How to Wash a Comforter (So It’s Like New Again)

Published December 3, 2020
Making the bed with clean comforters

How to wash your comforter without lumps typically comes down to using the right size washer and making sure to get it completely dry. Learn the steps for how to clean every type of comforter in a snap.

How to Wash a Comforter Simple Steps

When it comes to washing your comforter, there are several steps you need to take to ensure you get the best clean and don't end up with a lumpy mess. This means you need to follow a few simple steps. However, you'll need to grab a few materials.

  • Laundry detergent

  • Tennis balls

  • Peroxide

  • White vinegar

  • Baking soda

  • Dawn dish soap

  • Drying rack (optional)

Step 1: Check the Label

Comforters come in all different types of material. Before throwing it in the wash, you need to know the type of material you are working with. Some of the most common comforters include:

  • Polyester

  • Cotton

  • Down

  • Silk

  • Wool

While down, cotton, and polyester can be cleaned at home, wool and silk typically require a professional touch. You can find out what type of wash your comforter needs and the material you are working with. The label also leads you to the type of wash you need, including handwashing, machine washing, or dry clean only. You'll also find invaluable instructions for the water and washing machine settings along with drying instructions.

Woman checking the care label

Step 2: How to Spot Clean a Comforter

Before you throw your comforter in the wash, remove any duvet covers, and spot clean stains. You can use your favorite homemade spot cleaning solution for this adventure. But a few go-to ingredients for most types of stains are white vinegar, baking soda, and Dawn dish soap. For a white comforter, give it a little presoak with warm water and a cup of hydrogen peroxide. While spot cleaning, check over the comforter for any damaged areas and repair them before throwing it in the wash.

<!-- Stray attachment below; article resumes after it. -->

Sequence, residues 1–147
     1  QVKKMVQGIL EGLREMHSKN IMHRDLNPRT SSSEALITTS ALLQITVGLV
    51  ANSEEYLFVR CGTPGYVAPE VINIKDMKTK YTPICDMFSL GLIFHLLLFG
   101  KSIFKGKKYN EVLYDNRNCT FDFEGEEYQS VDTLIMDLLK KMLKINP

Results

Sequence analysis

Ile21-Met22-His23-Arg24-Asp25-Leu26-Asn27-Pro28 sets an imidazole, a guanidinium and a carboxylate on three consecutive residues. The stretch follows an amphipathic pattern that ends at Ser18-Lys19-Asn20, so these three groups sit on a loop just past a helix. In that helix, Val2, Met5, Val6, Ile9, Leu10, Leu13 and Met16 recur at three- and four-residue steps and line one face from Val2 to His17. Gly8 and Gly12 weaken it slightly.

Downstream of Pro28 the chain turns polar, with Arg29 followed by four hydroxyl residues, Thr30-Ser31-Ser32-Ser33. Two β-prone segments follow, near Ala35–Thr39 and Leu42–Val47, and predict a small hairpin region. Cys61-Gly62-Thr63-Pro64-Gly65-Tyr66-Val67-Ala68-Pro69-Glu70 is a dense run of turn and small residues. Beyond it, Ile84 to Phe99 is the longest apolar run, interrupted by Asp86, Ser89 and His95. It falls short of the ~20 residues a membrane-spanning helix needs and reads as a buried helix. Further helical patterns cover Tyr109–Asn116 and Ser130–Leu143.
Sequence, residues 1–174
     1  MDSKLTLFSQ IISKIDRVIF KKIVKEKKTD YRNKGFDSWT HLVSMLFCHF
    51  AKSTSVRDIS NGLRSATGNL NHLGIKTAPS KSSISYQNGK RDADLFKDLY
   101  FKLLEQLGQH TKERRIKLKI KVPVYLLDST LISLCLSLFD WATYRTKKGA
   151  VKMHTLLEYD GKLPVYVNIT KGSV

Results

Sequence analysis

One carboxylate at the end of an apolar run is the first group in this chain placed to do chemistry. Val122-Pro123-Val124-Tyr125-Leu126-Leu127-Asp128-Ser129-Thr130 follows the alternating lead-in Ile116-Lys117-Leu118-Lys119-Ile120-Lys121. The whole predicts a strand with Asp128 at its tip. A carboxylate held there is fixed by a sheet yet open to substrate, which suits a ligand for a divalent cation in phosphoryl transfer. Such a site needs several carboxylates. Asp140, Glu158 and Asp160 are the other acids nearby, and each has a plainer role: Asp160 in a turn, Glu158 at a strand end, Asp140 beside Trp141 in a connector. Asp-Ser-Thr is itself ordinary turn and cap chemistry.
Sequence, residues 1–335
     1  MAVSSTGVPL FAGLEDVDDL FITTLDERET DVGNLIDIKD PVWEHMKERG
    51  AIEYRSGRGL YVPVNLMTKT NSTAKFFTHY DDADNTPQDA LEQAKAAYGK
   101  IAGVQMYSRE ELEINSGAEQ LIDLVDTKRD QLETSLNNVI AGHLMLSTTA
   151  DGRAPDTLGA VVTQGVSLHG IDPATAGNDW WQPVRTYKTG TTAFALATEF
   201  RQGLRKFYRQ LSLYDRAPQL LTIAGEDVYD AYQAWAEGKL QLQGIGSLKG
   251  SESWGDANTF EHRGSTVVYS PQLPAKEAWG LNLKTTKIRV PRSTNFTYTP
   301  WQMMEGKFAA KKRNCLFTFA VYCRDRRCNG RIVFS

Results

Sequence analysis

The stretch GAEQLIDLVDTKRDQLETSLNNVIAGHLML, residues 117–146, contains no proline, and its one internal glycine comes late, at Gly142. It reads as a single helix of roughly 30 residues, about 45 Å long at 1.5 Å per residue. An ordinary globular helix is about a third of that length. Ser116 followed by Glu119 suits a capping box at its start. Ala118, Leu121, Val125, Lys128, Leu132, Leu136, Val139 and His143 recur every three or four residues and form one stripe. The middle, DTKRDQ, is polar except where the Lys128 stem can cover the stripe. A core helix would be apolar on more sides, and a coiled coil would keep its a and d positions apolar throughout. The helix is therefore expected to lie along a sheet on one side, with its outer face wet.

Step 3: Choosing the Right Size Machine to Avoid Lumps

Unless your comforter calls for it to be hand-washed, you can put it in the washer. However, you need a large capacity washer. Your comforter should fit comfortably with room to move and agitate. You shouldn't have to stuff it in. If your washer isn't big enough, either wash it by hand in a tub or take it to the laundry mat.

How to Wash a Comforter in a Front Loading Washer

When it comes to a front loader, gently push the comforter into the machine and ensure there is enough room. Work to position the comforter, so it doesn't twist within the machine.

  • Use the cycle and setting instructions called for on the label. (If in doubt, use cold water.)

  • While a bulk cycle might be called for, you can use gentle cycles and still get your comforter clean.

  • Opt for the extra rinse to ensure all the detergent and allergies are gone.

    Woman hands put laundry into the white washing machine

How to Wash a Comforter in a Top Loading Washer

When it comes to a top-loading washer, you follow the same steps as you do for the front loading to ensure everything fits properly. However, if your top loader has an agitator, you need to fit the comforter around it evenly to ensure your washer stays balanced. Additionally, when your comforter is added to the washer, it shouldn't come all the way to the top. Double-check to ensure it gets fully submerged in water before washing.